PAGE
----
When considering to buy a SSD, how should I interpret the different specifications of the SSD?

Here are some specific things that need to be deciphered:

  • Controller (this can affect performance and endurance more than all other factors combined)
  • Bus Technology
  • Form Factor (Physical Size)
  • Capacity
  • NAND or NOR technology
  • Power Consumption during Read, during Write, when Idle
  • Read/Write Burst and Sustained Throughput

All of these things I would like to be explained in more detail and their actual importance in selecting an SSD.

  • I wonder how long a SSD can last with intensive R/W operations. I remember USB and Compact Flash could go wrong at some point, due to the Flash technology. For information here some aspects of SSD, including lifetime (2 years ago): imation.com/PageFiles/83/… with this excerpt: "Recall for the SLC NAND flash, which is the present technology used today, P/E cycle endurance is approximately 100,000 cycles, as opposed to MLC which is.."
    – bitlocked
    Jan 31, 2011 at 13:49

3 Answers 3


I have a couple of laptops with SSDs - a recent MacBook Air and a 64GB Kingston V100 placed into a Lenovo Thinkpad T60p. Both are fast - the Thinkpad is much faster than previously, with boot times below 30 seconds, and much improved battery life.

Your points:

Controller (this can affect performance and endurance more than all other factors combined)

I don't fully agree - if both the drive and the hard drive controller follows SATA 1.5, SATA 3.0 (aka SATA II) or SATA 6.0 (aka SATA III) standard, they'll probably work together: the performance limits in the standard are UPPER LIMITS: many things can make your performance worse. I have not yet found a source of reliable test results allowing SSD performance comparison across brands, devices and OSes.

Bus Technology

Some SATA II devices claim SATA III compatibility but really just take advantage of SATA III's downward compatibility with SATA II. It's easy to see that only few of the spinning SATA III drives actually push more than 3Gb/sec of data. SSDs have an easier time of it, but I've not seen benchmarks showing any pair of SATA III SSDs + SATA III controllers reliably pushing anywhere near 6 Gb/sec.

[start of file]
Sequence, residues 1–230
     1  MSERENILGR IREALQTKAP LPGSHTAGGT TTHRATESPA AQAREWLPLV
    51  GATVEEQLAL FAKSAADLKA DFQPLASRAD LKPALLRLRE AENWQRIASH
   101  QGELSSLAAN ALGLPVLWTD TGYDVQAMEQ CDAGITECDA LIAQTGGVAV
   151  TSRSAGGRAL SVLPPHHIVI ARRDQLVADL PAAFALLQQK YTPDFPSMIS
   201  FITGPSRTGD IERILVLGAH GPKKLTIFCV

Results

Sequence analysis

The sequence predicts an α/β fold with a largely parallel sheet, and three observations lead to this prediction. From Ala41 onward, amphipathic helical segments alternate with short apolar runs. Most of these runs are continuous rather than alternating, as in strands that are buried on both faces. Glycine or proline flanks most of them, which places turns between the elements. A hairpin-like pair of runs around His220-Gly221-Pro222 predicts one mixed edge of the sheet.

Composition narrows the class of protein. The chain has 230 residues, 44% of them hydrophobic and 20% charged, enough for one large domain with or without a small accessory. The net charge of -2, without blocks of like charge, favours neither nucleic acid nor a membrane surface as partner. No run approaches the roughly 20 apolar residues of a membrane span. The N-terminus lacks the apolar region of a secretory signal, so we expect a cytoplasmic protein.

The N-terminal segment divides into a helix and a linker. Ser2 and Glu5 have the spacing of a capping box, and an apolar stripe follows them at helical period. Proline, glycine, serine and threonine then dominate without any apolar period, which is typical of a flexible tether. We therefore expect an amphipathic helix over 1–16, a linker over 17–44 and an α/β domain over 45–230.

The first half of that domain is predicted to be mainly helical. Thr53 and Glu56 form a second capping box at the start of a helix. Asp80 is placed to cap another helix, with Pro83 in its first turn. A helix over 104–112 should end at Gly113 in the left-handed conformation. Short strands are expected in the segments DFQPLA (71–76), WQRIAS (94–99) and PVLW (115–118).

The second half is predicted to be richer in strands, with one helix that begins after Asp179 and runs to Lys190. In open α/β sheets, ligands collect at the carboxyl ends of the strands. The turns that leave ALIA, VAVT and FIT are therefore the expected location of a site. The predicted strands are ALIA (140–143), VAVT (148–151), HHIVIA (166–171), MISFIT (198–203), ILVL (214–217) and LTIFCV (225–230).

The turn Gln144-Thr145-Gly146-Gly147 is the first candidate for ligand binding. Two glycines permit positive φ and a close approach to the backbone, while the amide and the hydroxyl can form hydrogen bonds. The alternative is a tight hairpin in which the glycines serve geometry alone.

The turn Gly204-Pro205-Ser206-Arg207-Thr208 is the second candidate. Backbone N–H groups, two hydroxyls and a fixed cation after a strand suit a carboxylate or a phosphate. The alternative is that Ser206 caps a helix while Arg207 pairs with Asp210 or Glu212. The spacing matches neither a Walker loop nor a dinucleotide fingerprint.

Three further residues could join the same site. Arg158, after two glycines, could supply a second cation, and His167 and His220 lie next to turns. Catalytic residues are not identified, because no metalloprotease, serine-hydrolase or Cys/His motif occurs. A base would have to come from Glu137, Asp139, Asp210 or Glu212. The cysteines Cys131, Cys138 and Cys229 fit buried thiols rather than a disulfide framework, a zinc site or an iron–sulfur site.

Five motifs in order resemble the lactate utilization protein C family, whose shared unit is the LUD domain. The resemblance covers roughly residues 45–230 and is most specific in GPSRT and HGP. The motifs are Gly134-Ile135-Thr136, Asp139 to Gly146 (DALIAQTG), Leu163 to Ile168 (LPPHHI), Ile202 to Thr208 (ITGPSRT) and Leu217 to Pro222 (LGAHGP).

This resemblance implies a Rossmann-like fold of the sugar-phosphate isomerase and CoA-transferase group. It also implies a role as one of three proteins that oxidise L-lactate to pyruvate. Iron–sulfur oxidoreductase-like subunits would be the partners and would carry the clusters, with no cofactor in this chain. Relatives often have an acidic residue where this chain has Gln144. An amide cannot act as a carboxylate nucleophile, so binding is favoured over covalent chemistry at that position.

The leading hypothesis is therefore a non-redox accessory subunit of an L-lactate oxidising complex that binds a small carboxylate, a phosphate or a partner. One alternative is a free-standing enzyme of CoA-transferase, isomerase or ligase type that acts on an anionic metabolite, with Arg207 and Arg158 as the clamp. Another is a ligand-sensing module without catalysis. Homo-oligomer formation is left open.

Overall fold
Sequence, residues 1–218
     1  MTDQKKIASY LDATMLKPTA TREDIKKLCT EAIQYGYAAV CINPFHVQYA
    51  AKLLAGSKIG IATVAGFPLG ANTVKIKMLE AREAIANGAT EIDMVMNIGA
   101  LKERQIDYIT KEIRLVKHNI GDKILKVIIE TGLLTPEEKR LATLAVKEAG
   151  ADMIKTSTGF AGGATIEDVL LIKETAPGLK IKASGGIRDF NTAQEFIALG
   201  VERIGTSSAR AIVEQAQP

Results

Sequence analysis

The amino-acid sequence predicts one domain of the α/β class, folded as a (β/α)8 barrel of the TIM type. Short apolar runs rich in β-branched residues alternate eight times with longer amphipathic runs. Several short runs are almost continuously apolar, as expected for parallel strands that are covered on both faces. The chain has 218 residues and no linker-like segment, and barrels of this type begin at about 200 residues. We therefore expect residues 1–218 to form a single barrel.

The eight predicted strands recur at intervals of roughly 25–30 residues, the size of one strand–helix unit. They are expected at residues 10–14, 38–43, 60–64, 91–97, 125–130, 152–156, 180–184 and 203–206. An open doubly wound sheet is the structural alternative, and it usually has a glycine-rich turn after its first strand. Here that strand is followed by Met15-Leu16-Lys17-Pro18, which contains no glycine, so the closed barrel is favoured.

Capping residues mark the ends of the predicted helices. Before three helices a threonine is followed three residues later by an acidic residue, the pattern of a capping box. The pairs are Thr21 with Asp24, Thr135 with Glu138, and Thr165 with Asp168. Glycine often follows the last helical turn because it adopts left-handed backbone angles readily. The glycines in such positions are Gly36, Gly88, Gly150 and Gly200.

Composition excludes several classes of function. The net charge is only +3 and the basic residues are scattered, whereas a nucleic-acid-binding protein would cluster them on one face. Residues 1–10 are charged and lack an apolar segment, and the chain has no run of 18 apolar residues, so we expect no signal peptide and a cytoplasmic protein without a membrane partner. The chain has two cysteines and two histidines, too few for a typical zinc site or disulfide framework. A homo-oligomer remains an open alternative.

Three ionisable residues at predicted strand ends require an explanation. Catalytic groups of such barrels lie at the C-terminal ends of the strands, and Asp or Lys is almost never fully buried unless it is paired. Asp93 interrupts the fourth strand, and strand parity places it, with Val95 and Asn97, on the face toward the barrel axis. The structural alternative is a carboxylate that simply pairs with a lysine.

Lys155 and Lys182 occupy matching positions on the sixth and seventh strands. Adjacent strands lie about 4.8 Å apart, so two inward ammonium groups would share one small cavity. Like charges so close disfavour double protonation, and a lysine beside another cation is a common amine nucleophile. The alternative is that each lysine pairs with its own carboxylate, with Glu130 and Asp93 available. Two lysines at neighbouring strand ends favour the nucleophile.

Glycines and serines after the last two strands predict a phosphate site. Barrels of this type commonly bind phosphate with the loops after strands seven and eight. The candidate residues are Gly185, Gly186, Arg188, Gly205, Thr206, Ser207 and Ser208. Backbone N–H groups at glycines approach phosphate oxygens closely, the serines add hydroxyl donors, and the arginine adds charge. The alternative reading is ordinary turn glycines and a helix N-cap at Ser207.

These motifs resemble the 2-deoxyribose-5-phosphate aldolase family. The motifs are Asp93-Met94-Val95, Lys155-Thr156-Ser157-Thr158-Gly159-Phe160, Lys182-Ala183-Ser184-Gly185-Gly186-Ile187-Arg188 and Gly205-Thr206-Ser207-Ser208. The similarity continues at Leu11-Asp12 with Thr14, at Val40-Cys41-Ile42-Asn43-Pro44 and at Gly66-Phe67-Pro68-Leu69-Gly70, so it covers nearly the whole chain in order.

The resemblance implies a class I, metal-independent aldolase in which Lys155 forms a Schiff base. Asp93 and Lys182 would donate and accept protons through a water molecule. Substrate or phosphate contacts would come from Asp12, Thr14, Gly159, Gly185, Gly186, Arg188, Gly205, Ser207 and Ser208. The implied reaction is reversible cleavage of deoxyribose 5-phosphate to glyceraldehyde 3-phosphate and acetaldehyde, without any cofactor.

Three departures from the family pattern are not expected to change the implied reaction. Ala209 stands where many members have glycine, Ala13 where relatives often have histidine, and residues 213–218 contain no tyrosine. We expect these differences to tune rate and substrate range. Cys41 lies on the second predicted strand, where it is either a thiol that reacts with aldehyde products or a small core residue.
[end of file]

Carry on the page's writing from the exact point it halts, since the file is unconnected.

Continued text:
Form Factor (Physical Size)

Some devices expect a 9.5mm 2.5in drive; the 7mm 2.5in drives don't fit as well. The Kingston drive fit perfectly into the T60p's 9.5mm slot.


This seems linearly correlated to price, as you'd expect. Increasingly, SSDs are over-provisioned, where a 64GB drive actually has 72GB addressable. The excess allows for longer drive life in the face of SSD "bits" write cycles being limited to about 100,000. To compensate, SSD controllers move rather than overwrite changing file sectors, in order to balance the limited lifespan. Some OCZ devices destined for servers are reputedly 25% over-provisioned.

NAND or NOR technology

NAND technology appears to have won: NOR technology either isn't as cost-effective, or it is hidden under more meaningful wrappers, such as wear-levelling, mean-time-between-failure (MTBF), and ever higher rates of over-provisioning

Power Consumption during Read, during Write, when Idle